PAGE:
Corny as it may be, it is Singapore or nothing. So if jealousy is indeed the jaundice of the soul, as English poet John Drydenonce said, then I guess I may be ill.

But I would like to be cured. The obvious medicine is for Singapore to qualify for the World Cup. Yet, that is just not going to happen any time soon. Goal 2010, that hopelessly romantic and unrealistic target of reaching the World Cup by 2010, has been abandoned by the Football Association of Singapore.

Football fans here joked that referee Shamsul Maidin, who officiated inGermany, was perhaps the closest this country could ever get to the tournament. Does that mean that I would have to remain jaundiced, destined to watch with crushing envy the sporting celebrations of other countries’ citizens? No.

While the World Cup may be out of reach for Singapore, the Malaysia Cup is not. It may be a tad anachronistic to bring up the tournament now, since Singaporehas been out of it for 12 years, but hear me out. The Malaysia Cup gives Singaporeans something we have been deprived of for years: the development of healthy national pride.

Sure, the annual National Day parades usually bring out an outpouring of red and white bursts of patriotism. But they come around just once a year and lack the spontaneity that only the unpredictable world of sports can offer.

And while the likes of golfer Mardan Mamat and bowler Remy Ong have given Singaporeans some cheer, they lack the mass appeal of football.The Malaysia Cup can fill the gap. In the past, it was the tournament that captivated Singaporeans, uniting the citizenry behind a Singapore team. Sixty thousand regularly thronged the National Stadium to watch our team take on the Malaysian states, cheering wildly and making life hell for poor referees who ruled against the Republic.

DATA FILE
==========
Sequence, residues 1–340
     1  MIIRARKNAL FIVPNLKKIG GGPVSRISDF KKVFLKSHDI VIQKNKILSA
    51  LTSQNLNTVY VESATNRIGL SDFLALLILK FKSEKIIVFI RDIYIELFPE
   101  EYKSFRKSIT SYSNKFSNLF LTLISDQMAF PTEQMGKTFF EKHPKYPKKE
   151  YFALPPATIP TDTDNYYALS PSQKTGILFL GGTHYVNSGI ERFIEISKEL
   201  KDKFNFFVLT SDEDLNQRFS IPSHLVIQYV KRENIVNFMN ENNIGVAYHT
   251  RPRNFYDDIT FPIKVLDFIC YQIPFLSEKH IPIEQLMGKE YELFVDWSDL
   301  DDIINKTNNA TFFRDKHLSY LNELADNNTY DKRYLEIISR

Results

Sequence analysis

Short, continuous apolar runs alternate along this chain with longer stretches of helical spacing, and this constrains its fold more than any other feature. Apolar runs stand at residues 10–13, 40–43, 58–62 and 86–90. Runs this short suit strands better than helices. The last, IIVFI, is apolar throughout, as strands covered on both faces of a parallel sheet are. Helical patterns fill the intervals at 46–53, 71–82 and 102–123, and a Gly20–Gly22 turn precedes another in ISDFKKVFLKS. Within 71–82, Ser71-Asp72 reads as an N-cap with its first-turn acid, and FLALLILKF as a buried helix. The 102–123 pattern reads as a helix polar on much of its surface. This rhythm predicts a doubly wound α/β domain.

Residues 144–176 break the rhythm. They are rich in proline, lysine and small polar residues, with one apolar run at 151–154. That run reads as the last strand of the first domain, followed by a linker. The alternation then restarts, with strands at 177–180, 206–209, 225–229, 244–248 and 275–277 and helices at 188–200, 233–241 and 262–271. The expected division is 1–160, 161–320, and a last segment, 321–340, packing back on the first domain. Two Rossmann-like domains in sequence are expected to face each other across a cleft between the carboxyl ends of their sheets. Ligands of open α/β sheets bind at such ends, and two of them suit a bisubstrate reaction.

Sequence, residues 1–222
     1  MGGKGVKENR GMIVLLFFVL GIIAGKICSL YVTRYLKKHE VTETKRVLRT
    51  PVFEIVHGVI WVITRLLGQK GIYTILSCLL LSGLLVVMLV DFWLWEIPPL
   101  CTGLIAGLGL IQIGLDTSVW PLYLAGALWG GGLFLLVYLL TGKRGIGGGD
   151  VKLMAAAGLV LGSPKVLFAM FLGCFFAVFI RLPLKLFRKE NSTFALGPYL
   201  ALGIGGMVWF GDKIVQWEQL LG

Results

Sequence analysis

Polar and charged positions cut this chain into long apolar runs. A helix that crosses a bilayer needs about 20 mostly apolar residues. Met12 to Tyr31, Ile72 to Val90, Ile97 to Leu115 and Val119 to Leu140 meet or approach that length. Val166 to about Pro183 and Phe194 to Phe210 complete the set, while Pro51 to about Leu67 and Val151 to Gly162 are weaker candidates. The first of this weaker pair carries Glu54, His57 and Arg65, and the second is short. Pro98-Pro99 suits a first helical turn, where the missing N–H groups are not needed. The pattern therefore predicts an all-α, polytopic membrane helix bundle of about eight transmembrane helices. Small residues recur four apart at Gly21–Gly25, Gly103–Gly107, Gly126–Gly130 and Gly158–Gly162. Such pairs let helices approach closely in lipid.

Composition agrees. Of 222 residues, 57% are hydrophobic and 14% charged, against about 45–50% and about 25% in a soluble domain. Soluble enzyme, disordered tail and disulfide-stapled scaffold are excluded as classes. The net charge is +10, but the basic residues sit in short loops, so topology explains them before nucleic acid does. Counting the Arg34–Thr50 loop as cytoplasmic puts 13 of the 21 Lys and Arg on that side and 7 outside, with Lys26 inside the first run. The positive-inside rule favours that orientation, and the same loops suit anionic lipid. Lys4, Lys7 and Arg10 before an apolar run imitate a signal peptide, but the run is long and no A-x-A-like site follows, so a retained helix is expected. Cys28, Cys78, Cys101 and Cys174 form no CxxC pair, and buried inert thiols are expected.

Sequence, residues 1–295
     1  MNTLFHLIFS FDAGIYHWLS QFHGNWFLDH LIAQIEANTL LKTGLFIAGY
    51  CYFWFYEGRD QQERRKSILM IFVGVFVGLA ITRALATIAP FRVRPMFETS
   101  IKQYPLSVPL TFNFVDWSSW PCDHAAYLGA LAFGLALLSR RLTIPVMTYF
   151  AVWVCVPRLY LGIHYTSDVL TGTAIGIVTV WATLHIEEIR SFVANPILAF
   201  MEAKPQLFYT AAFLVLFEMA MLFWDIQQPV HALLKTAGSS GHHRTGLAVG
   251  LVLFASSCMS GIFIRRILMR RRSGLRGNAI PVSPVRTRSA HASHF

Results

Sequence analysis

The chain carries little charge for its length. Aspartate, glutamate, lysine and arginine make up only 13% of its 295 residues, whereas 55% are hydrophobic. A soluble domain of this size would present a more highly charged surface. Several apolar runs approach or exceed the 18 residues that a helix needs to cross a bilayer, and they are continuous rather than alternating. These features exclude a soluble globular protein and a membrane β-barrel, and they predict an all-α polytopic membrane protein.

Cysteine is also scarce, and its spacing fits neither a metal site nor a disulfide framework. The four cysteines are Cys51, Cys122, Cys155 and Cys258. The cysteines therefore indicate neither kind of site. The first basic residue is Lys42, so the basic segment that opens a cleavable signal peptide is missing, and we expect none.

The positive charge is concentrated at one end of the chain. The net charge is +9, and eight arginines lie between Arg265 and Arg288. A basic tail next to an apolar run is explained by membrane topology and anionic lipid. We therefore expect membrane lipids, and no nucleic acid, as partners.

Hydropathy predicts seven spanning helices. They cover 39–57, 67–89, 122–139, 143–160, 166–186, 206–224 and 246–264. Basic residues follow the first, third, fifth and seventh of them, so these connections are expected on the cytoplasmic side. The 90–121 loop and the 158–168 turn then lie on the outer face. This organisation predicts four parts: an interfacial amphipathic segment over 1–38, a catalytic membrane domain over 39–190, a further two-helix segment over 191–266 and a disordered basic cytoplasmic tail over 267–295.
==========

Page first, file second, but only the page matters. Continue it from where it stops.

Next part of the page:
In 1994, the last year Singapore was in the tournament, 55,000 fans even travelled up to Kuala Lumpur for the final against Pahang, turning the81,000-capacity Sham Alam Stadium into a sea of red. Indeed, many friends admitted to me last month that even though they are not football fans, they watch the World Cup and, yes, followed the Malaysia Cup fervently.

The Malaysia Cup had that magic that seduced even non-sports fans, intoxicating many Singaporeans in the drug called national pride. Resuscitating it would be timely too, since youths here have topped the list among Asians recently for not caring about their country and most likely to want to emigrate.

In an online survey by The Straits Times, 53 per cent of Singapore teens would consider emigration, compared with just 28 per cent of Malaysians and 38 percent of Indians. Would the Malaysia Cup alone be able to inspire greater love for this country among the young ones?

Perhaps not. But it would certainly help. As the German Interior Minister Wolfgang Schduble quipped after seeing his country’s performance — both on and off the pitch — during the World Cup: “We are even beginning to like ourselves.”

Besides imbuing us with national pride, the Malaysia Cup can also be the main and regular act of the proposed Sports Hub at Kallang, ensuring that the $800 million project would not turn into an expensive white elephant. The tournament would also reacquaint young Singaporeans with their neighbours up north, bolstering not only bilateral relations, but also the people-to-people ties that President S R Nathan emphasised during his state visit to Malaysia last year.

In 1995, Singapore quit the Cup amid unhappiness over the Malaysians’ demands for more gate levies and stronger commitment to stamp out match-fixing. The S-League was started and the Malaysians went their own way. More than a decade later, the S-League is floundering with low standards and abysmal attendances, and word from the north suggests that the Malaysia Cup misses the buzz it had when Singapore was part of it.

This divorce is hurting both sides, so why not kiss and make up? After all, Singapore had been out of the Cup twice previously — though never as long as the current break — and rejoined. It would give a young generation of Singaporeans the chance to feel the ecstasy and pain of being part of this nation, bonding them healthily through the process with the land and its people.

National flags waving along the Nicoll Highway after victories? Chants of“Sin-ga-pore, Sin-ga-pore” echoing across the heartland? Yes, that would certainly cure the jaundice of my soul.

No comments: